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Scherfen v. United States Dep't of Homeland Security

February 2, 2010


The opinion of the court was delivered by: Judge Vanaskie


A party seeking only a declaratory judgment and prospective injunctive relief in federal court, as have the Plaintiffs in this action, must present a claim for which meaningful relief may be granted, i.e., standing, and the asserted claims must fall within the federal court's authority as delimited by the United States Constitution and congressional enactments, i.e., subject matter jurisdiction. The absence of either standing or subject matter jurisdiction compels dismissal of such an action. In this case, Plaintiffs satisfy neither standing nor subject matter jurisdiction. Accordingly, Defendants' challenge to this Court's authority to entertain this action will be sustained.


Plaintiffs, citizens of the United States, contend that they have been placed on "watch lists and in the Terrorist Screening Data Base" compiled by the United States Government solely "because they are Muslim and have been active in promoting their faith."

(Comp., Dkt. 1, at ¶ 69.)*fn1 Plaintiffs also contend that they have been "falsely stigmatized as individuals associated with terrorist activity" without being afforded "a legal mechanism that affords them notice and an opportunity to contest their inclusion on the terrorist watch lists." (Id. at ¶ 73, ¶ 74.) Plaintiffs seek a declaratory judgment as well as injunctive relief in the form of "removal of Plaintiffs from any watch lists or databases that inhibit their travel in any manner." (Id., p. 21.)

Plaintiff Erich Scherfen is an American-born United States citizen and a combat veteran of the first Gulf War who resides in Schuylkill County, Pennsylvania. Mr. Scherfen obtained employment as a commercial pilot in May of 2007. Plaintiff Rubina Tareen is a naturalized citizen of the United States who emigrated from Pakistan in 1974. Ms. Tareen is engaged in the business of selling books about Islam through a website and at conferences. Mr. Scherfen and Ms. Tareen are husband and wife.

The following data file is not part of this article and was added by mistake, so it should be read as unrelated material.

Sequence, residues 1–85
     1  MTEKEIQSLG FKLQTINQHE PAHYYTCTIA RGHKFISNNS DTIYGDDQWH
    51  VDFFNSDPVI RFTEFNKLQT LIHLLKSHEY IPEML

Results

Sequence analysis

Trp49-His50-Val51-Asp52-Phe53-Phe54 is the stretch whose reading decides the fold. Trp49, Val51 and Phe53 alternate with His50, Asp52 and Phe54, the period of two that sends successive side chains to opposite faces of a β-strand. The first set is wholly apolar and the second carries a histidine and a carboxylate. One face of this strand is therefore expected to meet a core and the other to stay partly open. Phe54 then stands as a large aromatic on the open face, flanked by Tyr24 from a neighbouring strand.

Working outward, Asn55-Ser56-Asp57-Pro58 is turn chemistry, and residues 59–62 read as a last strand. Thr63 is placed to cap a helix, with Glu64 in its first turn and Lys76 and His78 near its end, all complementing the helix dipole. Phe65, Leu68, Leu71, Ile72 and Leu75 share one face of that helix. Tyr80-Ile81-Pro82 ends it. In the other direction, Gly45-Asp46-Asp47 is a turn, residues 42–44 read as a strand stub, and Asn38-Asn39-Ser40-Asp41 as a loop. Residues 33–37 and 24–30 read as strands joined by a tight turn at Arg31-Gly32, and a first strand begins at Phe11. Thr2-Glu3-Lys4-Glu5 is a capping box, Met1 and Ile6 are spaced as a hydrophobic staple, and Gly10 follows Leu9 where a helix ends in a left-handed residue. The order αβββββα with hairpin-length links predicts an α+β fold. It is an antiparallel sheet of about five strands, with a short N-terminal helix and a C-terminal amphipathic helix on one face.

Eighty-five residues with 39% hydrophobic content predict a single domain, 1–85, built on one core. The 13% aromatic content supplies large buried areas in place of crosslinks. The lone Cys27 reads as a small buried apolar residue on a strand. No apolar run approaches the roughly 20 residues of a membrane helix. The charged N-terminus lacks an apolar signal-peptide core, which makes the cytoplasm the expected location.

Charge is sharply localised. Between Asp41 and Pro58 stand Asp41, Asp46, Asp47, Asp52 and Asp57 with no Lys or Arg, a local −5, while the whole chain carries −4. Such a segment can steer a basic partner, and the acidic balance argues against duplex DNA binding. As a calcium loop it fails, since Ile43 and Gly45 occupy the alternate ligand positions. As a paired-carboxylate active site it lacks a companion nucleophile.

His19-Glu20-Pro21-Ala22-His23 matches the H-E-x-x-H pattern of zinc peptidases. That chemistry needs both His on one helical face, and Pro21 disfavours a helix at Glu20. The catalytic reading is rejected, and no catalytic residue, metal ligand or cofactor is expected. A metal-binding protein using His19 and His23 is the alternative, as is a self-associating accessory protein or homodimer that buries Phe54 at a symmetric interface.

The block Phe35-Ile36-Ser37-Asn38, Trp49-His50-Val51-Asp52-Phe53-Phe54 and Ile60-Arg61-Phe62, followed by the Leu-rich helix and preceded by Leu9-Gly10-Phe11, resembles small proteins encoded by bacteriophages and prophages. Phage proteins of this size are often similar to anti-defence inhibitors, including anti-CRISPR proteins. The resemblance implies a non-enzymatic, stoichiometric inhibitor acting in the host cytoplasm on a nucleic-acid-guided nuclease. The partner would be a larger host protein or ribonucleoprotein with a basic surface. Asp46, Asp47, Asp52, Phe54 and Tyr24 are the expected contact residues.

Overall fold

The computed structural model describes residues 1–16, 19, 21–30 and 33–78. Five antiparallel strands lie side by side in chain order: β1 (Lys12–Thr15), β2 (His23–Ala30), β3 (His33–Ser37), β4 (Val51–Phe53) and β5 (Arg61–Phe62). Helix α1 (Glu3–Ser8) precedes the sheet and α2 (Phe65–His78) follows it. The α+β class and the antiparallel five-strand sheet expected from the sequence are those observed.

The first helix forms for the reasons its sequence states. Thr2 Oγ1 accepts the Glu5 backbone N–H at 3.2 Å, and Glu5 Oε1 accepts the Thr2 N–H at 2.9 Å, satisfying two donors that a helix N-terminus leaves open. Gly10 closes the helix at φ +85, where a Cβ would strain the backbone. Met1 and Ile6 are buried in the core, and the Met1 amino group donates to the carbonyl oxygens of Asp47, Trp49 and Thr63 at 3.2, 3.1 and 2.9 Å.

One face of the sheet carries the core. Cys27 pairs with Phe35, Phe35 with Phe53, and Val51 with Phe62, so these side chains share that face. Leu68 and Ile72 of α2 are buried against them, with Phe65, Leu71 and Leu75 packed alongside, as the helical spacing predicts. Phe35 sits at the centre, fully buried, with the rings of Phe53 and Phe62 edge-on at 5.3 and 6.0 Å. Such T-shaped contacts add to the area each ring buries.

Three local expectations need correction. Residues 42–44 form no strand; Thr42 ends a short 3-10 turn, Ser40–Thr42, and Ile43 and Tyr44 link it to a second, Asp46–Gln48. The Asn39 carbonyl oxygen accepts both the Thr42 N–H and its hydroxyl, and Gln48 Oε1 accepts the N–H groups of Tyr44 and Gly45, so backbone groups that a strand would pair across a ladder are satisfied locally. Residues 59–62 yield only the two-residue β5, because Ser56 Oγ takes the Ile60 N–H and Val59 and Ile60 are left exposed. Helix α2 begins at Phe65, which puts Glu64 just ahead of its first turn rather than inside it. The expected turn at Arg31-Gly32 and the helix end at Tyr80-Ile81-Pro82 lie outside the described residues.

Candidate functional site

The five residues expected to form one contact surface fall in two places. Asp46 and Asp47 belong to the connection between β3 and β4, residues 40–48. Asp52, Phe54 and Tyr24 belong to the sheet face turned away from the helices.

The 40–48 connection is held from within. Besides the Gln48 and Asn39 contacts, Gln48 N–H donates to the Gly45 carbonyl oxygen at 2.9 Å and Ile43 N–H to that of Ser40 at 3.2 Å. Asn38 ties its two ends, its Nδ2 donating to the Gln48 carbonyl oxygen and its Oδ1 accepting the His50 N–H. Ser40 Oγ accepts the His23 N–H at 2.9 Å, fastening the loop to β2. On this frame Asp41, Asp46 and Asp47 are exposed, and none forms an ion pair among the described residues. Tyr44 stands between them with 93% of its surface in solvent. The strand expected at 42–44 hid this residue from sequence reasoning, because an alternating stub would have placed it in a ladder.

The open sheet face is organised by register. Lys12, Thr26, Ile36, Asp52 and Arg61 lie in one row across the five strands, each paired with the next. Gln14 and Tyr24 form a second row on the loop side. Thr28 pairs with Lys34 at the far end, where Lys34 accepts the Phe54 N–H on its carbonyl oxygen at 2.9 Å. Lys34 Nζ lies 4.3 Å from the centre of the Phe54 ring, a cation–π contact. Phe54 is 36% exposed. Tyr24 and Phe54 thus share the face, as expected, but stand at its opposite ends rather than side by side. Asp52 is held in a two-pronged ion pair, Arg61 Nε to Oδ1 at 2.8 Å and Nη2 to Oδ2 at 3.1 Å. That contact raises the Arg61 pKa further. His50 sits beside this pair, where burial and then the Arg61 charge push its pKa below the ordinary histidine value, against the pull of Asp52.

Both Mr. Scherfen and Ms. Tareen are active members of the Islamic community, attend Islamic prayer services every week, and speak publicly regarding comparative religion and Islam. Both Plaintiffs allege that, commencing in September of 2006, they were subjected to enhanced screening prior to boarding flights at airports within the United States.*fn2 Both Plaintiffs allege that they have been informed by airlines and airport personnel that they are on terrorist watch lists maintained by the United States Government.

Plaintiffs also describe an incident that occurred on December 25, 2006, when they were returning home by car from Toronto, Canada, and were stopped and interrogated by agents of the Department of Homeland Security (DHS) for several hours. During this incident, the contents of their vehicle, including boxes of books that Ms. Tareen had offered for sale at an Islamic conference in Toronto, were searched. A letter Mr. Scherfen wrote to DHS complaining about the December 25, 2006 incident went unanswered. (Id. at ¶ 39.)

Mr. Scherfen alleges that on April 29, 2008, his employer informed him that he was "a 'positive match' on a TSA 'list.'" (Id. at ¶ 54.) By this time, Mr. Scherfen had been employed as a commercial airline pilot for almost one year, evidently without encountering any problems. Mr. Scherfen's employer placed him on administrative leave and required the surrender of his pilot identification card. On May 19, 2008, Mr. Scherfen was suspended without pay and informed that he would be terminated if he was unable to resolve his placement on a watch list.

Earlier in May of 2008, Mr. Scherfen wrote to the DHS "Traveler Redress Inquiry Program" (TRIP), requesting that his name be removed from the "list" as promptly as possible. (May 5, 2008 Letter, Ex. "A" to Comp., Dkt. 2.) Mr. Scherfen's letter stated:

I cannot begin to imagine why I am on this list and I can only believe there must be some mistake. I have served our country honorably as an officer and am proud of the values on which it is based. I am a Veteran of the 1991 Gulf War, serving as an enlisted infantry man, a paratrooper, and as an officer/helicopter pilot in the National Guard. I joined the United States Army in August 1989 and have served in the military for a total of thirteen years. Honorably discharged on 9 February 2006. (Id.)